Former ALP heavyweight guilty of unlawfully using electoral data

A former top dog of the NSW Labor branch has been found guilty of unlawfully using electoral roll information after he passed confidential personal details onto a union boss.

Then general secretary, Jamie Clements, asked two colleagues on separate occasions for protected information, which he wanted to give to now disgraced former union leader Derrick Belan.

In the Downing Centre Local Court on Friday, magistrate Beverley Schurr dismissed Clements' claim that he had made an honest mistake when he requested details about a man named Craig Wilson to pass on to Belan.

Political parties are entitled to receive a copy of the rolls maintained by both the Australian and NSW Electoral Commissions but it is illegal to use the information for anything other than election purposes.

Ms Schurr accepted that Clements asked executive officer Dominic Ofner for Mr Wilson's phone number and then rang Belan with the details he had obtained in May 2015.

"He made a comment, words to the effect of, '[Belan's] probably sending a bikie now,' " Mr Ofner said in his evidence to the court.

"[Mr Clements] said words to the effect of, 'It's a dirty game we work in.' "

About three weeks later, the court heard, Clements asked the branch's then state organiser David Latham to find details of Mr Wilson and was provided with a piece of paper with his name, address and phone number.

Clements pleaded not guilty, claiming he had not passed the information on to Belan and that he thought the information was coming from another database.

He gave evidence that he knew nothing of the regulatory framework governing the use of electoral information and that he did not think about the legal context of accessing the information "at the time".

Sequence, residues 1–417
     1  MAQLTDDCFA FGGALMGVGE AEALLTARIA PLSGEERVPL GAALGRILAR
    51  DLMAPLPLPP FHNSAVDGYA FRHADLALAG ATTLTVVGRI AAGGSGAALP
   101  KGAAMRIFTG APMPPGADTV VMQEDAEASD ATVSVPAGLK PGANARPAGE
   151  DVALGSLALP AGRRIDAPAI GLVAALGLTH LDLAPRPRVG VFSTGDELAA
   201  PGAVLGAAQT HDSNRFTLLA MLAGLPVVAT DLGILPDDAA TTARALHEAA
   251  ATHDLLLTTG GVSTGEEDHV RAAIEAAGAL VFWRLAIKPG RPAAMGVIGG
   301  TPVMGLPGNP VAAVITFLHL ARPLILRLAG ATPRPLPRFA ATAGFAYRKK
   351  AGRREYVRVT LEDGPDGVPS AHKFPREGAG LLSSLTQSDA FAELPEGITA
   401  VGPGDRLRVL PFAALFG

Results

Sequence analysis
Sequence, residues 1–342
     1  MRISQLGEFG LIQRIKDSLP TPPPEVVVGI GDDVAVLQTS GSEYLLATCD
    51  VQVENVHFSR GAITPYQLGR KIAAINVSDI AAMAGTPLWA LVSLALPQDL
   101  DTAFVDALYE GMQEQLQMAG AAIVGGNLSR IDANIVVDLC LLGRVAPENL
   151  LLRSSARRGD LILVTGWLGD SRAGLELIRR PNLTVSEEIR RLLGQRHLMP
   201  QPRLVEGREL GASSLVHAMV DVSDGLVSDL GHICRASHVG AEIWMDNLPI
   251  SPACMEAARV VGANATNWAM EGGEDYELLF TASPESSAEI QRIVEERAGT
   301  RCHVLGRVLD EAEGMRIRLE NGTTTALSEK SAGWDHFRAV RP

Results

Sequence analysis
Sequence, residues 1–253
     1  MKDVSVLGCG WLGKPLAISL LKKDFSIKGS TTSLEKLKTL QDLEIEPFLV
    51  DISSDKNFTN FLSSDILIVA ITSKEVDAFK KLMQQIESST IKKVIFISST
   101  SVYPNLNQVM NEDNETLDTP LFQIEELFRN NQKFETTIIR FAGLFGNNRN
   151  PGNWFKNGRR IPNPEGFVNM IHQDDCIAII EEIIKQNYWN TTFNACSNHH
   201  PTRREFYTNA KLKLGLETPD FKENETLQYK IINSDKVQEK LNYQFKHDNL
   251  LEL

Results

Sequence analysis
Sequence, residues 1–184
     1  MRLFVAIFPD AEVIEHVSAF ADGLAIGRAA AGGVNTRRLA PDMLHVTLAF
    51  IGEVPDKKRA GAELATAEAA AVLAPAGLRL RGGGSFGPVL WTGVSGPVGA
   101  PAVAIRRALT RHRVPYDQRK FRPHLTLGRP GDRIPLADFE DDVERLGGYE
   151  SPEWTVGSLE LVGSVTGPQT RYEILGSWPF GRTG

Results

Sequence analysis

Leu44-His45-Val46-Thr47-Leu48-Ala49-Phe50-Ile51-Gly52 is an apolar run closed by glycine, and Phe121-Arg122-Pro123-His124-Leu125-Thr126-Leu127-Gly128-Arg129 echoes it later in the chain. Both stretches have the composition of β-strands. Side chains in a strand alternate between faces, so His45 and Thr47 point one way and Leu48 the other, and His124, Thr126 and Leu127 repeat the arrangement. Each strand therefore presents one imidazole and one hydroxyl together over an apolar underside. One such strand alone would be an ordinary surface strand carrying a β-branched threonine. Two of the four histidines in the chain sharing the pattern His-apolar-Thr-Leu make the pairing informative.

But Ms Schurr said she was not convinced Clements had made a reasonable mistake, noting his political experience and senior position.

Clements was found guilty of using enrolment information without a permitted purpose, but not guilty of disclosing the information, a charge that required a different legal threshold to be met.

The maximum penalty he can face is a fine of $22,000. It is understood Clements will seek not to have a conviction recorded against him when is sentenced in July.

Clements resigned as general secretary in January 2016 after he was accused of pushing Mr Latham's then fiancee, Labor staffer Stefanie Jones, against a wall and trying to kiss her.

A few months later the NSW Electoral Commission charged him with unlawfully using and disclosing enrolment information.

The story Former ALP heavyweight guilty of unlawfully using electoral data first appeared on The Sydney Morning Herald.

Tablet - Narrow
Tablet - Wide